The purpose of lace-to-toe boots is to add a little more rigidity to the toe box. It keeps the toes from flexing further than they should, but also spreads lace tension over a larger area. That lets you lace your boots to support your feet, but without having to make the ankle or other parts of the boot too tight. 

Lace to toe boot are a classic work boot (and heritage boot) style that has been around for a long time, which is why a lot of boot brands offer lace-to-toe as an option or make certain boots with that lacing pattern as a matter of course. 

Should you get lace to toe boots?

Lace-To-Toe Boots Are Classic Work Wear

Lace-to-toe boots have been around for quite some time, both as <a href="">work boots</a> and also as casual wear. While plenty of work boots and work shoes had an eyelet layout almost the same as today (the eyelets end before the toes begin) it was common for working footwear to have a lace-to-toe design. 

The reason was to give the boot a little more structure, setting the ball of the foot but also spreading tension from the laces across a larger surface area. That way, you can still lace the boot - or shoes - to set the heel into the heel cup, but without having to make the boot too tight in the ankle or at the end of the laces near the toes. 

Basically, you don't have to make your laces as tight to get the support you need. Some people find they have to lace the ankle almost too tight for comfort to stiffen the boot and get the structure they need; the lace-to-toe design is supposed to help keep you from having to do that. 

While the modern fashion has been for the more traditional lacing design with the vamp ending well before the ball of the foot, plenty of work boot makers have kept part or some of their lineup available with a lace-to-toe option. 

It was also very common in classic hiking boots. Look at the vintage or original design of leather hiking boots from Danner, Merrell and others and they are either lace-to-toe or very close to it. 

Monkey Boots Made Lace-To-Toe Fashionable

Fashion and pop culture influences boot and shoe design, of course, and the lace-to-toe boot style gained a certain notoriety thanks to what are called "monkey boots." 

In the late 60s and early 70s, it became fashionable to wear military boots for whatever reason. Granted, there's some sense in it; military boots are usually very practical and some are very stylish. A classic Officer boot is a darn fine choice of great footwear.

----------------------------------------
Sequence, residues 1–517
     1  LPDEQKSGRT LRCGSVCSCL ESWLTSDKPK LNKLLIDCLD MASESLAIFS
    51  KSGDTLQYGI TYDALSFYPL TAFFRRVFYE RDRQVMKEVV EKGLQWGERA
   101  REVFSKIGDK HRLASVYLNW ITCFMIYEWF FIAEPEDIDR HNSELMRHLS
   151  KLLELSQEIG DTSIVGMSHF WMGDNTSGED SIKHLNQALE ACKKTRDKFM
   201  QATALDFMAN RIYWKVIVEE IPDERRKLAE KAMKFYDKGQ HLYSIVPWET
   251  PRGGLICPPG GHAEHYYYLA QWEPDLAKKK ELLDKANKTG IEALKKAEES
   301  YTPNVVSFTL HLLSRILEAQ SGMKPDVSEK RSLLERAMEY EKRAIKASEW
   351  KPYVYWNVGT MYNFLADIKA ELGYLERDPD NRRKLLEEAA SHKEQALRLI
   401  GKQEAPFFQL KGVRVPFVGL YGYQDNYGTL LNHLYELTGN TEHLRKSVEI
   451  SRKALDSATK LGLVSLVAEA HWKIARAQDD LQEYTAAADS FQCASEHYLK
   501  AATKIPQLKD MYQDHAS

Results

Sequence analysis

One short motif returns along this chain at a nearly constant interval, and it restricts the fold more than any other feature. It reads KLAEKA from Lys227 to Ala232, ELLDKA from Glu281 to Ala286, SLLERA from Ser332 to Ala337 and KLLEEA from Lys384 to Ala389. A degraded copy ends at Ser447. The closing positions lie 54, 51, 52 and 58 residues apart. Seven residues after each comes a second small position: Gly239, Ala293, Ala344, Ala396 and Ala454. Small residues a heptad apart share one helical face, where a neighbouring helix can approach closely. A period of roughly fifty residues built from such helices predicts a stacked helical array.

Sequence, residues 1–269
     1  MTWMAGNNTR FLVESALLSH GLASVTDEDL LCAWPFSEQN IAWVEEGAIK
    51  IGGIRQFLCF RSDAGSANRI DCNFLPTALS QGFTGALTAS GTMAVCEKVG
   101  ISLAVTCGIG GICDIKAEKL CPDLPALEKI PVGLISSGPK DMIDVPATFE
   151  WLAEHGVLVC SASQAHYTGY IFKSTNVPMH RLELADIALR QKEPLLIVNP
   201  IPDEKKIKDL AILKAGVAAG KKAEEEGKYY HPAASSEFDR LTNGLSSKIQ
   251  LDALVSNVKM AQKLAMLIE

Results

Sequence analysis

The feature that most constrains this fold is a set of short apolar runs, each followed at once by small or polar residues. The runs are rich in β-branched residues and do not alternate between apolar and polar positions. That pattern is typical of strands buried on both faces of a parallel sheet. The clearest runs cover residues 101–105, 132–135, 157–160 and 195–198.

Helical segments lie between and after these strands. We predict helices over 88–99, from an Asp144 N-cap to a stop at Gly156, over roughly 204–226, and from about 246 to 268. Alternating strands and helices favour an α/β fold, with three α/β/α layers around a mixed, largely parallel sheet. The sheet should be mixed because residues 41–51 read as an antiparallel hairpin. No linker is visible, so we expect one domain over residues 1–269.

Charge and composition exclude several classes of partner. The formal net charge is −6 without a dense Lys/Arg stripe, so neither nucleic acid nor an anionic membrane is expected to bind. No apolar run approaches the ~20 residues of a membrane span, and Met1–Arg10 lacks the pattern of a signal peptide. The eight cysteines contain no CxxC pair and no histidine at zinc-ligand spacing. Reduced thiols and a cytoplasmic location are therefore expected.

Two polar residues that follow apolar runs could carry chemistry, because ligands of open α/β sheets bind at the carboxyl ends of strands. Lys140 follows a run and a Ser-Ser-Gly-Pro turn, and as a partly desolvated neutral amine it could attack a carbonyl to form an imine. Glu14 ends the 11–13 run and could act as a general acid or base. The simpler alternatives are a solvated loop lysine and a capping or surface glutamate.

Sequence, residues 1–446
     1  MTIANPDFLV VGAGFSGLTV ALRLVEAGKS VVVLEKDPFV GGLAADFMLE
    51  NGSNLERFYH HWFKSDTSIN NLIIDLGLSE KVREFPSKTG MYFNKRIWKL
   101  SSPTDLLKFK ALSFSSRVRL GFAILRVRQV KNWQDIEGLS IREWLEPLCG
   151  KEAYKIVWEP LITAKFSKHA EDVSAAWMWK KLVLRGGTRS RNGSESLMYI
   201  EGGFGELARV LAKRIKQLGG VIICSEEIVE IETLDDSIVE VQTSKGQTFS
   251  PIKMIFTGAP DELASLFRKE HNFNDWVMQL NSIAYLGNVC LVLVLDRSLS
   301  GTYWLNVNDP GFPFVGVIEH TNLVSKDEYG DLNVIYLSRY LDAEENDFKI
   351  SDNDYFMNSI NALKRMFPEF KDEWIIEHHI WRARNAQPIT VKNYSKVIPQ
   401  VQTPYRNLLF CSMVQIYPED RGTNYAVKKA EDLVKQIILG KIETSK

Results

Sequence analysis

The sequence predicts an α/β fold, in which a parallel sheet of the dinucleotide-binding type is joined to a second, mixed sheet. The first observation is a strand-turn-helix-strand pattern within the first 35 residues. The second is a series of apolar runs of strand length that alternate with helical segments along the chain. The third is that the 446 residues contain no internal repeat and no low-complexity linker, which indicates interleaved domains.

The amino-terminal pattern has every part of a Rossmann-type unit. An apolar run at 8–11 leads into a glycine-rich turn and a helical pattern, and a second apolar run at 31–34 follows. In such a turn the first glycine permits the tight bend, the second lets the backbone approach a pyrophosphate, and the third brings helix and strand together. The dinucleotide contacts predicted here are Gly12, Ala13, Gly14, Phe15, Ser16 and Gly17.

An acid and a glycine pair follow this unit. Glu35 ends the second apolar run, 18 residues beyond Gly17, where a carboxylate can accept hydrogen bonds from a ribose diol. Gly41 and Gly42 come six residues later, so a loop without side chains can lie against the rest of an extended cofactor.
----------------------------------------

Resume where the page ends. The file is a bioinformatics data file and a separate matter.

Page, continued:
Usually, though…people wore them because surplus boots were cheap and it was rebellious. 

Monkey boots were military surplus boots from (then) Czechoslovakia. The monkey boot is not far removed from classic hiking boots; there's little difference between them and vintage Danner hikers besides a few materials and the stitching. 

The monkey boot caught on with English "mod" culture, especially surplus imports through the Grafters brand. 

While they didn't catch on to the same degree elsewhere, the monkey boot - like other military-style boots that became fashionable - kept the lace-to-toe design in pop culture, and that has something to do with why a number of more fashion-oriented boot and shoe brands have at least one (or a few) lace-to-toe shoes or ankle boots in their catalog. 

Lace-To-Toe Boots Are Great As Work Boots Or Heritage Boots

The lace-to-toe style is a classic, time-tested boot design that's incredibly practical, so it's definitely a good fit for a pair of quality work boots. The lace design is also a perfect fit for heritage boots, because it is definitely a feature of classic leather shoe and boot design. 

Make sure you try on a pair before ordering, however. Some people find the extra lacing can take a little bit out of the toe box, so you'll want to make sure that you have all the room you need for your toes to move. 

With that said, lacing to the toes is a great look and functional at the same time. It's hard to ask for more than that.